RafaLint: August 9th

Arturo Velazquez/Tennis Canada

Arturo Velazquez/Tennis Canada

Montreal doubles starts

Rafa and Verdasco will play the 3rd match on court 9 tomorrow. Play starts at 12:30pm. I’m guessing chances of this getting broadcast are 0.0000000000000000001%. And that’s being generous.

Rafa Nadal Academy by Movistar

The website for Rafa’s Academy is up and running – take a look! I’m thinking this display will serve as great motivation.


Articles:
  • Quietly confident Nadal returns to his Canadian hardcourt heaven – via dpa-international.com

    “For sure there is more behind than in front (of my career). I’m sure of that,” said Nadal. “But I don’t think about that. Day by day is my way to work. In 2005 I was aged 19, and I’m sure that I won’t be playing tennis until 39.

    “That is part of the career and life. I have motivation to keep going so it’s difficult to think about not playing. But when it comes, I will know. When I wake up without motivation to improve that will be the end. But until that day arrives I’m here and enjoying it.”

  • Rafael Nadal: ten years later – via batennisworld.com

    “Mentally, [in Hamburg], I’ve been very stable during the whole week, something I haven’t been able to do this season. It’s something that I’m happy [about]. That should be the way I have to play. It was one of my strongest points during my career. This year, I felt like my mental part was more up and down, on and off than usual. I’m working well, and I hope that that week in Hamburg will help me here.”

  • Second-Half Kickoff – by Steve Tignor (tennis.com)

    But the bigger question will come from the other half of his quarter. Rafael Nadal, who has won twice in Montreal, is the top seed on that side. After his title in Hamburg, is it time to start counting Rafa back in, rather than out? He also has the draw to go deep. Nadal will start against Sergiy Stakhovsky or Filip Peliwo, and the highest seed on his side is Gilles Simon.

  • A decade after his first career hard-court title in Montreal, Rafael Nadal has gone through some trials, but keeps smiling – by Stephanie Myles (ca.sports.yahoo.com) Includes some presser video
  • Coupe Rogers: duel de puissants serveurs en vue – via ledevoir.com Love the smile in the pic. (mangle)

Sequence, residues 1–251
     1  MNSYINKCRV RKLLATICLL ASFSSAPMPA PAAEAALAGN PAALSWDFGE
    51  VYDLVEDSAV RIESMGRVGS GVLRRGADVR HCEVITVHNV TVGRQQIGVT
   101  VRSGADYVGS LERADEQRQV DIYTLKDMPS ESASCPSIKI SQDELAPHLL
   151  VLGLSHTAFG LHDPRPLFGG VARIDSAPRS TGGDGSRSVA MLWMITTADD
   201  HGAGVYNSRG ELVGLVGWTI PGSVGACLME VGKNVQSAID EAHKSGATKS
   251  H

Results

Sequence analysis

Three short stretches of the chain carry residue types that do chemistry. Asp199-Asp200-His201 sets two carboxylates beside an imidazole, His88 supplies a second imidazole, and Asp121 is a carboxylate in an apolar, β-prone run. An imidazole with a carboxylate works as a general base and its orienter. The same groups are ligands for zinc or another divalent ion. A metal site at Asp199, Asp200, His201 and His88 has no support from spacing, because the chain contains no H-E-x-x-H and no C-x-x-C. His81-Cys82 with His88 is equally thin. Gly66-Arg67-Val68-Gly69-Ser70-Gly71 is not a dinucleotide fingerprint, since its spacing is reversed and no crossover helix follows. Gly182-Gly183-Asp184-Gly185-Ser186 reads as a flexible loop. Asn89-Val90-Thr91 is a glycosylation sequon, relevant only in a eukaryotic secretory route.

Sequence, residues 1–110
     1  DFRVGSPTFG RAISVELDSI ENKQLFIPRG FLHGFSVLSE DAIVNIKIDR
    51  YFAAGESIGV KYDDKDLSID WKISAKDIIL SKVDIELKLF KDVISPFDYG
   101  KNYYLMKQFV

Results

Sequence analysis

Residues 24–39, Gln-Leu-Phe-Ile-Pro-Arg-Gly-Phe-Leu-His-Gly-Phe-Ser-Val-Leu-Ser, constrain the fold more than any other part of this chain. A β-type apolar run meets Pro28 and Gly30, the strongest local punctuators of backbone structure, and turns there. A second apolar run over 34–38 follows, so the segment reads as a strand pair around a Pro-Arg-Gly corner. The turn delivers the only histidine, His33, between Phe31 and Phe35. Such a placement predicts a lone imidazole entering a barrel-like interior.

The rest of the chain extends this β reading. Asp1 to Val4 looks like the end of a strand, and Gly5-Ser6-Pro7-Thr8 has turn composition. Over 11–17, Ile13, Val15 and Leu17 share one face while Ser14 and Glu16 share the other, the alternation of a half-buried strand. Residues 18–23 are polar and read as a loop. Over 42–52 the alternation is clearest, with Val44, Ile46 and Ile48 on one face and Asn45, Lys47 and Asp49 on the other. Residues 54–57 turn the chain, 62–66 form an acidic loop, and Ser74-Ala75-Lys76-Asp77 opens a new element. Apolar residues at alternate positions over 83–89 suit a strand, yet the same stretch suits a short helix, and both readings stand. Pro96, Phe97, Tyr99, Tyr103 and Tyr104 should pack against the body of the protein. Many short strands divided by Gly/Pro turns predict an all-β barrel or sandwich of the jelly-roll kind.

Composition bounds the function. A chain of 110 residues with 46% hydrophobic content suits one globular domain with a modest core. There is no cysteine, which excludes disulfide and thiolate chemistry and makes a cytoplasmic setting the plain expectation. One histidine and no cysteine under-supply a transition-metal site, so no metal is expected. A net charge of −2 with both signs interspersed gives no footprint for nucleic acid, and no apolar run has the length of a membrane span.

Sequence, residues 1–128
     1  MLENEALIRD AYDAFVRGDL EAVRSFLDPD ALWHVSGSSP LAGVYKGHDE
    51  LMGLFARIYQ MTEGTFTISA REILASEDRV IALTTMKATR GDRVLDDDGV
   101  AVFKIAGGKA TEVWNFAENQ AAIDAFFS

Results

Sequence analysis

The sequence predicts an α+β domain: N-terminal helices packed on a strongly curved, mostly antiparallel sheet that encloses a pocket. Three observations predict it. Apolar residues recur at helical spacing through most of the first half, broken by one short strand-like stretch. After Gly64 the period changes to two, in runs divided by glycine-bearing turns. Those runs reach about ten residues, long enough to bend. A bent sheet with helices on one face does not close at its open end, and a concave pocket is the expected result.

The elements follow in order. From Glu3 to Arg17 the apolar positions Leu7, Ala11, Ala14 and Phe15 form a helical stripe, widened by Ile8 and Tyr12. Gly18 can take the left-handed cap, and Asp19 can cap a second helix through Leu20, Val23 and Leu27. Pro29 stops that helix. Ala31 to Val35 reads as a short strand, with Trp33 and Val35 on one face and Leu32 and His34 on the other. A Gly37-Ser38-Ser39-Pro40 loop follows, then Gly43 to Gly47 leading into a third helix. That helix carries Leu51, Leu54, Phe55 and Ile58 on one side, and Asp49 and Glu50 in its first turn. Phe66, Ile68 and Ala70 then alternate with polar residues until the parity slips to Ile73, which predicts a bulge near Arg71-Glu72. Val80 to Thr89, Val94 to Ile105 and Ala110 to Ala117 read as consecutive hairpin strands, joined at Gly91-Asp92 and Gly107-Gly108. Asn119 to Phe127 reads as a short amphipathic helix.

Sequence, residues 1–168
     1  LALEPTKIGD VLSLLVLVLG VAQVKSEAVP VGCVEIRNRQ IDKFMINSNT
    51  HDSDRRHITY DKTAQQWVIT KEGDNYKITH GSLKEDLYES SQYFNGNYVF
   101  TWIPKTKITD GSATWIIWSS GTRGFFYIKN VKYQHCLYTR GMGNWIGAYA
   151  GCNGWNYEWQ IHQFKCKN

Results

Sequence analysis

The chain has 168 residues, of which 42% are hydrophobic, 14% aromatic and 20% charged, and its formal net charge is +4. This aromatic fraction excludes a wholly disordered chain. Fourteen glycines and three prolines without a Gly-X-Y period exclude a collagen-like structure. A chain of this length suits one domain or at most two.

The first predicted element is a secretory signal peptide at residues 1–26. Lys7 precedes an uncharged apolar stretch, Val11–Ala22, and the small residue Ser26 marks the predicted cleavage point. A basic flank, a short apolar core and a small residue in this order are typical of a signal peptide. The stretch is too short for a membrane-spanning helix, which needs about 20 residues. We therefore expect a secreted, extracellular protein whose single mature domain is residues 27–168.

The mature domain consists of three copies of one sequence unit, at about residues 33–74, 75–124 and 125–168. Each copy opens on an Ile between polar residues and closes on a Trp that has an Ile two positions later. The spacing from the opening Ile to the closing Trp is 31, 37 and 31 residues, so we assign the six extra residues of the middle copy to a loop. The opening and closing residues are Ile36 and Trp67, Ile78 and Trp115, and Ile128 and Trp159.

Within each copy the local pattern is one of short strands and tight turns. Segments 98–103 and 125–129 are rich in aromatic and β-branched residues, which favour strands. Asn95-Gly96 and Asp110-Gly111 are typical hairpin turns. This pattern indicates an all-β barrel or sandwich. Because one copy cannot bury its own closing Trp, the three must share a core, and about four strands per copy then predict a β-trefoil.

• Tebbutt: Rafa rocks Rogers Cup – by Tom Tebbutt (tenniscanda.com)

    He worked out on the stadium court for almost two hours with Tommy Robredo and then spent the better part of a half hour signing autographs – first for fans inside the stadium and then (see above) when he finally made his way outside and headed to the players entrance.

  • Nadal & Djokovic Headline Doubles Draw As Bryans Seek First Montreal Crown – via atpworldtour.com
  • Nadal Sets Sights on Final Showdown – via atpworldtour.com

    “Montreal is a tournament I like, I [have] had positive results there, but every year is different,” said Nadal, having won the Rogers Cup in 2005, 2008 and 2013. The lefthander said his main goal is to keep improving his level of tennis to ensure he has “less ups and downs” than in the first six months of the season.


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Social media related to Rafa:

(Sorry this is more of a tumbled mess than usual. I got so far behind and then when I tried to re-order all of these in Storify, it was a nightmare, so I gave up.)


Other stuff:
  • Playing Ball: Controlling the Uncontrollable – by Steve Tignor (tennis.com)

    But a tennis court is a logical place for the weeds of superstition to thrive, blossom, and eventually grow out of control. There aren’t many other places where you’re alone with your thoughts for two to three to four hours. With so much time to think, and thus become more anxious, what else are you going to do with those thoughts except twist them into strangely comforting rituals?

  • Tour Wife Tales with Kelsey Anderson: Dealing with Defeat – another good/interesting post by Kelsey.

    I was discussing this exact phenomenon a few years ago with tennis legend Wayne Ferreira at the Australian Open, when he told me something poignant that really resonated with me.

    He said, “Look, I’ve had what most would consider a very long and successful tennis career. And guess what, the total number of weeks in my career where I didn’t lose a single match? Only 15.”

    This is more of the norm on the tour than the bizarrely fantastic record Rafa’s had. It’s why I tend to get impatient with people who get upset when he loses. Yes, we all want Rafa to perform better than the norm, but he’s human and the norm catches up with even the most talented and devoted people from time to time. (And yes, even now, he’s performing far better than the typical pro player. Top 10 is not the norm.)

  • Guest Mailbag: Andrea Petkovic on her top reading list, coaches, life on tour – via si.com

    And on the guys side, I always cheer for Rafa, especially now after his comeback. Because I feel like he’s a great fighter. I always cheer for Murray. It always changes—when Roger was winning everything, I was rooting for the other guy to have a go at the Grand Slam. And now that he’s playing so great, I cheer for him every time. And Novak, obviously, because we are friends. So I kind of cheer for everybody. It’s always difficult to put yourself in the position, because you know them and you know they are nice people, and you sort of don’t want anybody to lose.